Rose Launches Effort Aimed at Ending Ban

From Staff and Wire Reports

Pete Rose is taking a two-pronged approach to getting back into baseball--the information superhighway and the courts.

Rose is launching an Internet petition geared at getting him admitted into the Hall of Fame, and said he may sue baseball to end his lifetime ban for betting.

“You can’t keep a guy from making a living,” he said Tuesday in an interview with the Associated Press. “It’s not the American way.”

In the wake of an investigation into his gambling, baseball’s hits leader agreed in August 1989 to a lifetime ban from the sport. He applied for reinstatement in September 1997. Commissioner Bud Selig has said several times that he has seen no evidence that would make him remove the ban but hasn’t formally responded to Rose.


Rose claimed baseball’s lawyers “blackmailed” witnesses against him during its investigation 10 years ago. When pressed for details, he referred comment to his lawyer, Roger Makley, who declined comment. Those who led the investigation at the time, Fay Vincent and John Dowd, denied Rose’s accusation.

Rose was in New York for Tuesday’s launch of, which through Jan. 15 will carry a fan petition calling for Rose’s admission to the Hall of Fame. As long as he is banned from baseball, Rose is ineligible for the hall.

“One thing you have to understand is, we’re not looking for a fight,” Rose said. “If that has to be an option, that will be an option. That’s a last resort. I don’t need it. The game doesn’t need it.”



Angel Manager Mike Scioscia was examined by an eye specialist at UCLA’s Stein Institute after he was accidentally struck in the face by a thrown baseball Friday.

According to Scioscia, a CT scan revealed that he suffered “a small fracture” in the orbit of his left eye. Scioscia said he was working out with a friend’s son when the incident occurred.

It is possible that surgery will be required, Scioscia said. “This isn’t anything that will slow me down,” said Scioscia, who was hired Nov. 18. “It’s a nice shiner, though.”


The National Labor Relations Board is scheduled to announce today the result of month-long mail balloting that asked umpires whether they wanted to keep the Major League Umpires Assn., which Richie Phillips has headed since 1978, as their collective bargaining representative. After a petition was filed by dissident umpires, all umpires were asked to chose among Phillips’ union, a new union led by the dissidents or neither. A majority of the 93 major league umpires is needed to win. If there’s no majority, a runoff will be held between the top two.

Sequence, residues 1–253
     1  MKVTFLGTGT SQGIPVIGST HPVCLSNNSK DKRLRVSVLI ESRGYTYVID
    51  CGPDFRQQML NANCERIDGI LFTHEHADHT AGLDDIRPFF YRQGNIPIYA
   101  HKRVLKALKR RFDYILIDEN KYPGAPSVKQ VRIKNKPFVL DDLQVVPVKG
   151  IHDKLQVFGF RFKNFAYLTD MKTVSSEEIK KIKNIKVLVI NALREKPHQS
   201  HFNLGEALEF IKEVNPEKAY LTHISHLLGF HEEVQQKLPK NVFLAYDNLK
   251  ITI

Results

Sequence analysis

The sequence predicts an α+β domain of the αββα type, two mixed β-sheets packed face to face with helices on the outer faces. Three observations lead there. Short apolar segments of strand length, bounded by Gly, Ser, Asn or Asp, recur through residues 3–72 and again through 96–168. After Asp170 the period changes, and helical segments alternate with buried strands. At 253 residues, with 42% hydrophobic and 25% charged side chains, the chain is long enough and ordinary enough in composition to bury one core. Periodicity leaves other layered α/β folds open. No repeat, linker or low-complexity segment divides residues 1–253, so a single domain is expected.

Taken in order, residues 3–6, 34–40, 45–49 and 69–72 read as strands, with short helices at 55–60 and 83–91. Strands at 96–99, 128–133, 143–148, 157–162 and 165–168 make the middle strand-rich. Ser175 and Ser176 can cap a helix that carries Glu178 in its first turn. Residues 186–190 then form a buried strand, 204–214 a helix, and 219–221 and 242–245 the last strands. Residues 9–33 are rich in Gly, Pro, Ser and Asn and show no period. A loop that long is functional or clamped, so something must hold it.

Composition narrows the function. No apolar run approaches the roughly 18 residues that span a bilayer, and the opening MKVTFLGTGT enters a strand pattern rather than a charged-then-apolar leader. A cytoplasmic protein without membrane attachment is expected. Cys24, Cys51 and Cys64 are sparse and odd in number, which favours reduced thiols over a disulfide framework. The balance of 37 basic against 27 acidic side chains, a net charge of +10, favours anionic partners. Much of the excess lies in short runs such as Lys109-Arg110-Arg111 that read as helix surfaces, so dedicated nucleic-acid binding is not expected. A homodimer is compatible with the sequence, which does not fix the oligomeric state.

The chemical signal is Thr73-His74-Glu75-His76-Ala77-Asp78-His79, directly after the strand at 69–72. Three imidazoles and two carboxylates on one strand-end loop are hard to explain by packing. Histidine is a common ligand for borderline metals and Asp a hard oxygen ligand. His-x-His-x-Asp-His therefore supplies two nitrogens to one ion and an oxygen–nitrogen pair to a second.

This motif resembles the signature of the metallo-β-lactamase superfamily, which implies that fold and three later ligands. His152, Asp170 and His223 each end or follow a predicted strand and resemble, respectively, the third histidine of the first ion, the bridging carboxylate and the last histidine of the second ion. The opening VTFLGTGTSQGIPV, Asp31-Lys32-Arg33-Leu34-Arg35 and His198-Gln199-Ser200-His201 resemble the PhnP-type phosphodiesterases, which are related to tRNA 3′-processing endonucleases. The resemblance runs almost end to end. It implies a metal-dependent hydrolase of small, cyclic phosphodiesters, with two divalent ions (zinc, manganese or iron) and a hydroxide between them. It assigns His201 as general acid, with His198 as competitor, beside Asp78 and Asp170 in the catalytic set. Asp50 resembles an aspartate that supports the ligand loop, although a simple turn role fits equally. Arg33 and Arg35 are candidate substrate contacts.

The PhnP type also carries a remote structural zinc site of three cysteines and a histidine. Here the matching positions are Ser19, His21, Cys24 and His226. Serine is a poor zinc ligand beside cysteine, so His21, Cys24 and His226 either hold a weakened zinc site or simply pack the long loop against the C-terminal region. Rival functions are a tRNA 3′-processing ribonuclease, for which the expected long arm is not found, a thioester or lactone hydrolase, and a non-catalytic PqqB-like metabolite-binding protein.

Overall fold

Free-agent closer Mike Jackson was close to signing with the Philadelphia Phillies, pending results of a physical, two baseball officials said. Jackson, who had 39 saves for the Cleveland Indians last season, was at Thomas Jefferson Hospital in Philadelphia for a series of tests. It is known that he has bad knees, but a more serious problem may be a damaged ligament in his throwing elbow. . . . The New York Yankees and reliever Mike Stanton agreed to a $7.35-million, three-year contract. The 32-year-old left-hander was 2-2 with a 4.33 ERA in 73 games last season. . . . Catcher Tony Eusebio will remain with the team that signed him as a teenager, agreeing to a $2.4-million, two-year contract with the Houston Astros. Eusebio, 32, hit .272 with four home runs and 33 runs batted in last season.



Former Galaxy Coach Octavio Zambrano was hired to coach the New York-New Jersey MetroStars. Zambrano received a two-year contract. Zambrano was fired early this season after the Galaxy had won only two of its first five games, both in shootouts.

Fernando Clavijo, assistant coach of New York-New Jersey, was hired as coach of the New England Revolution. . . . Perugia of the Italian league has accused Torino goalkeeper Gianluca Bucci of stubbing out a cigarette in the face of Perugia sporting director Ermanno Pieroni after Sunday’s 1-0 Perugia victory. . . . Armenian officials threw out a 15-5 result between Shirak Gyumri and Gyumri, teams from the same town, after watching a video replay of the game and deciding it was fixed.


American Stevie Johnston retained his World Boxing Council lightweight title on a unanimous 12-round decision over Billy Schwer of Britain at Wembley, England. The 27-year-old from Denver is 29-1. . . . A federal judge in New Jersey set strict spending limits on the International Boxing Federation in a move aimed at preserving its funds should a court-appointed monitor assume control of the troubled organization next month. U.S. District Court Judge John Bissell ruled that the boxing organization’s officials may not spend more than $5,000 a week for operational expenses without court approval.


Runner Xavier Nallamoutou died of a heart attack during the 10th mile of an international half-marathon on the Caribbean island of Martinique. He was 31. . . . Battery charges filed against former Laker Dennis Rodman and actress Carmen Electra stemming from a fight Nov. 5 in a Miami Beach hotel have been dropped. . . . Stanford received the at-large berth in the NCAA men’s water polo championships Saturday and Sunday at UC San Diego. UCLA, Massachusetts and UC San Diego had already qualified.